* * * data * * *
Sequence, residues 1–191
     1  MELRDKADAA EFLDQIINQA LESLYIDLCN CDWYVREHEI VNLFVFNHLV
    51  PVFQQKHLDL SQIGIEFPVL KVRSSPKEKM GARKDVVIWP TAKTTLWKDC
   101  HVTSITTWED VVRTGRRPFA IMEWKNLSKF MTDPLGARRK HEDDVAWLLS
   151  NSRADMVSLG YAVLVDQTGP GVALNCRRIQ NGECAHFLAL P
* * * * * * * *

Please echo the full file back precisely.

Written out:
Sequence, residues 1–191
     1  MELRDKADAA EFLDQIINQA LESLYIDLCN CDWYVREHEI VNLFVFNHLV
    51  PVFQQKHLDL SQIGIEFPVL KVRSSPKEKM GARKDVVIWP TAKTTLWKDC
   101  HVTSITTWED VVRTGRRPFA IMEWKNLSKF MTDPLGARRK HEDDVAWLLS
   151  NSRADMVSLG YAVLVDQTGP GVALNCRRIQ NGECAHFLAL P